Colorado Springs Artist’s Online Course Takes Students to Another Country – No Travel Required | North Springs Edition

Kristy Kensinger’s online art classes for adults transport her students to another country to explore, learn and make art, all without flying.

During his Art Passports classes, Kensinger and his students can immerse themselves in the art and culture of another country even when they cannot travel abroad. They discover the textiles, patterns, cuisine, traditions, craftsmen, flora, fauna, landscape and architecture of a country. Then they create art inspired by what they have learned.

“[The courses] filled the void for me and for others when you can’t travel – an outlet where they could explore a place and once they travel to find out a little more about the place, ”Kensinger said.

The idea for Kensinger’s Art Passports classes came from school to his children’s homes during the pandemic.

“It started with my kids. We study one country a month, work together on art or craft projects, and cook a country meal, ”said Kensinger, a Cheyenne area resident who also exhibits her art at the G44 Gallery in Colorado Springs. “That’s how my first classes started – this concept of an artistic passport where we traveled to a new country through art.”

Kensinger studied fine arts and art history at the University of Colorado at Boulder and worked as a graphic designer until January 2020, when she quit her job to return to painting.

“I hit a wall in my job and had to make a change,” she said. “I always wanted to come back to [art.]”

When the pandemic hit, she and others needed an outlet. Teaching has become a place to connect with people all over the world, be part of something, learn and grow.

Kensinger created his first course – Art Passports to Mexico – last December. In April, she published Art Passports in Morocco and plans to publish three more Art Passports courses this year.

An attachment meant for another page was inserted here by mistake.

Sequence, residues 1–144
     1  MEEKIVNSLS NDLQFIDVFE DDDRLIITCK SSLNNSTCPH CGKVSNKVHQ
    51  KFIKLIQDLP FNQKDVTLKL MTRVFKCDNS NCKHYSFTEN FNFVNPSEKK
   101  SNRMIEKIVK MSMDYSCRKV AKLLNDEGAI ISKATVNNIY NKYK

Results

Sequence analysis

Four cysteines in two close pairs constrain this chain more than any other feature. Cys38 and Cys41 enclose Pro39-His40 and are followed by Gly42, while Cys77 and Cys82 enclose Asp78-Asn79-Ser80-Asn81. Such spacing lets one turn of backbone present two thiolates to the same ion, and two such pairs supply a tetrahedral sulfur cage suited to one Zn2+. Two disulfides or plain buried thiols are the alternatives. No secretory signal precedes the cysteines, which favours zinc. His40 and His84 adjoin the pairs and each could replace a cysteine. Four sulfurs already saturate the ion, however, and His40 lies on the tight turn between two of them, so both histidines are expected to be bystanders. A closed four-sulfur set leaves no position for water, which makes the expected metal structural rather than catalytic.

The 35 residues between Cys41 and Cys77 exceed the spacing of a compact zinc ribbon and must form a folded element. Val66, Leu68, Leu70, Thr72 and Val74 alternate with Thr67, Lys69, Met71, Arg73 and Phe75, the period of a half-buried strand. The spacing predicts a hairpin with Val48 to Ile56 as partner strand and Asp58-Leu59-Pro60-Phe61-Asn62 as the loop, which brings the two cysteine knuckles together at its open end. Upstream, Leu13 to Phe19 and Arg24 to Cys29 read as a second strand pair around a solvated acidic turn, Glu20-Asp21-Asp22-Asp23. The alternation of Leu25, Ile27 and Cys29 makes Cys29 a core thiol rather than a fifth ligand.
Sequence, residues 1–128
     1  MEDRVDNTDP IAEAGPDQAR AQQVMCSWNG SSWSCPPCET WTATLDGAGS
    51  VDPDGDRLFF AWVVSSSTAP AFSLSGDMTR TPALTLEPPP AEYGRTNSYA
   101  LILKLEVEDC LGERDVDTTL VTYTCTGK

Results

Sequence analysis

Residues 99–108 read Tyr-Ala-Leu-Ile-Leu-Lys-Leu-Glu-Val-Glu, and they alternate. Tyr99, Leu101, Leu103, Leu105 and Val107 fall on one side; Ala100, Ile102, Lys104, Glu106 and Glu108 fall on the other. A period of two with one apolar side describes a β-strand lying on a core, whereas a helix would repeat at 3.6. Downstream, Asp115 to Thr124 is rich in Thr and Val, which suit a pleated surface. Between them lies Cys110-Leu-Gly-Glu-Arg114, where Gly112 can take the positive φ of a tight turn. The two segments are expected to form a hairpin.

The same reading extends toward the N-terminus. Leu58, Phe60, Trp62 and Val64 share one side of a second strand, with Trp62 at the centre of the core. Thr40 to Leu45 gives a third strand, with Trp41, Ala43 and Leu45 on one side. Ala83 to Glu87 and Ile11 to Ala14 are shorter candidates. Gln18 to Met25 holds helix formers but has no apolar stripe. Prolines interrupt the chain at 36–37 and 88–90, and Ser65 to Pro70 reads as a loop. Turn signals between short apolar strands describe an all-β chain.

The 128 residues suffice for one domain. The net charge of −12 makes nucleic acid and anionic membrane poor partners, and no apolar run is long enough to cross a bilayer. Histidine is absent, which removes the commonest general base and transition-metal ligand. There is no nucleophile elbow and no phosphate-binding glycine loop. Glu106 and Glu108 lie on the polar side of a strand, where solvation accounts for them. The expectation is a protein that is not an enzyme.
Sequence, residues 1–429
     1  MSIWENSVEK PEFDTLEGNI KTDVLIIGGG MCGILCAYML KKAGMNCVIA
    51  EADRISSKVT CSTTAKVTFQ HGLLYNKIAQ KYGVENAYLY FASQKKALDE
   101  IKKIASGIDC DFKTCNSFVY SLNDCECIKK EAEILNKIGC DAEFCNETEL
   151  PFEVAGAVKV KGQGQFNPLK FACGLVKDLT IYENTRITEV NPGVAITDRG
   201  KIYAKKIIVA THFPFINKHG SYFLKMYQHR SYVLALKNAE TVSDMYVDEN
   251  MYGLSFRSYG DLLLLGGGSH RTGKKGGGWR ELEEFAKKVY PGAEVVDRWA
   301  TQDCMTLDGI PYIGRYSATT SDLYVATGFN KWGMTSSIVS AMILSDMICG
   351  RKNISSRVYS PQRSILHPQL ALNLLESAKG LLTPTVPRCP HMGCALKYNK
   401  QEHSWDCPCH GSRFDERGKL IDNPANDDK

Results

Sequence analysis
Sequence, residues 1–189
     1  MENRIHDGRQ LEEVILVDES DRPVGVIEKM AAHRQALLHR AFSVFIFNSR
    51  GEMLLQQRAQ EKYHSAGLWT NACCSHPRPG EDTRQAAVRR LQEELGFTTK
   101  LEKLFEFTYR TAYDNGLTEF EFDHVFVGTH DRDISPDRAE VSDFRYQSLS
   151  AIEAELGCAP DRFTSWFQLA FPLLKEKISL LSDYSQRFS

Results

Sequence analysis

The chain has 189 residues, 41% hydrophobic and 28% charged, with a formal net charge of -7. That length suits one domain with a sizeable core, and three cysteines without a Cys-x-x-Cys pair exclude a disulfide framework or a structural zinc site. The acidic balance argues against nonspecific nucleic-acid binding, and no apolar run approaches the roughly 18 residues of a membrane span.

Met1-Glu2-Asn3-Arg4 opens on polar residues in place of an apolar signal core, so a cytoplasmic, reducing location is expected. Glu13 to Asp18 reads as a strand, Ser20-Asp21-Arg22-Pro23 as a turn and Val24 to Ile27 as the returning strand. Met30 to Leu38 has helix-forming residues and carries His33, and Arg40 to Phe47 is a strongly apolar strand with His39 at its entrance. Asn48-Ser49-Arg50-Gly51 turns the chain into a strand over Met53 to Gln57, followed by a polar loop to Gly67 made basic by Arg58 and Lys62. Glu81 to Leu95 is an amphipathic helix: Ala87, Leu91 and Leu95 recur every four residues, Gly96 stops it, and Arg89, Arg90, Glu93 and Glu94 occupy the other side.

She’s designed her classes to be for adults of all skill levels – from beginners to seasoned artists. So far, its students have come from all over the United States and around the world, including Colombia, Greece, India, and Australia.

“I think making that connection online is so wonderful, and I’ve connected with so many more people than I ever would have if there was only one course here,” said Kensinger.

Kensinger’s classes are imbued with his love of art history, travel, and the gathering and sharing of resources.

“Travel has always been so precious to me – all the lessons I’ve learned with it. I really wanted to combine that in the lessons, ”she said. “I am passionate about the stories behind the artist. How their environment affects their work. How it shapes their ideas. While teaching, I really want to connect and grow with the students, and I’m still learning on my own.

Kensinger also creates courses for other artist platforms, including courses in portraits, landscapes and natural pigments. Currently, his Day in Provence course is available on artist Renee Mueller website,

According to Kensinger, online art classes have a variety of benefits, including the flexibility to work at your own pace without requiring travel, access to more teachers, and an affordable price.

“You can get a little something both live and online. Online – you learn the skills and you don’t have to go to school every week. You can pay a lot less and get a lot of information, ”Kensinger said. “People can find the teacher who really resonates with them.”

Her students have formed a rich community in the private Facebook groups that she hosts for each class. They post photos of their work, encourage each other and share articles and tips about the countries they study, according to Kensinger.

“My favorite part is seeing the art created from the course – how the artist takes my lesson and appropriates her works with her style and experience,” she said. “This is where I think it’s so special – what they come up with, their idea and their perspective.”

Kensinger hopes to translate the lessons she has learned from her travels into her classes, paying attention to details and the people around her, appreciating experiences more than things, and seeing the similarities in people wherever you go. be in the world.

“I’ve learned invaluable lessons from travel over the years,” Kensinger said. “If we go our own way by being more open to others and more accepting of ourselves, that in itself is an invaluable lesson.”

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